Some jazzy, apocalyptic tales about global warming to go with your latte
Joni Mitchell is the kind of aging egoist who gives ecology a bad name. On her first album in five years and first for Starbucks -- a connection some anti-corporatists will foolishly disparage -- she rails against environmental ills with the privileged pique of someone who considers the world's failure to resemble the one she grew up in a cosmic affront. Skillfully marshaling the jazzy growl and desultory melodies she's cultivated for decades, she observes that "there's just too many people now," compares our world unfavorably to the Garden of Eden and heaps cell phones with her gorgeous wrath. Given Mitchell's talent and prestige, it's a waste of precious resources that she couldn't have emulated the kindhearted heroine of "Hana" when reminding the caffeinated consumer that nature is gravely out of whack. Instead, her most nuanced new lyric details an apostate tour-bus driver's descent into a luscious sin she probably knows better than she lets on. The runner-up is the title tune, where she grants the sun leave to bless all sinners -- even cell-phone users! Text her your thanks.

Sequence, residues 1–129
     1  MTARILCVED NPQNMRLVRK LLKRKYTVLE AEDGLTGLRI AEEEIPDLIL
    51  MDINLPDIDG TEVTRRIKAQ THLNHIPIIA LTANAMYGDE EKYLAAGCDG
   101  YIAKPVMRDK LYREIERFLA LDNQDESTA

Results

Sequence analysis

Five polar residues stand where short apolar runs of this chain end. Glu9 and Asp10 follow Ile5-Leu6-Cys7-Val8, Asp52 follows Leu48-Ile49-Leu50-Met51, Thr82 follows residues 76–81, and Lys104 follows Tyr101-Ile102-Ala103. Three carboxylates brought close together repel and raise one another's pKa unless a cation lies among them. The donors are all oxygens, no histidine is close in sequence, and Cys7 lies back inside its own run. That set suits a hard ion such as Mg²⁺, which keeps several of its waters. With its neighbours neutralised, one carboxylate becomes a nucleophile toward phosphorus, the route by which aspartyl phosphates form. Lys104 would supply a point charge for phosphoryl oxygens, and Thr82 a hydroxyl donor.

Rolling Stone, Oct. 4, 2007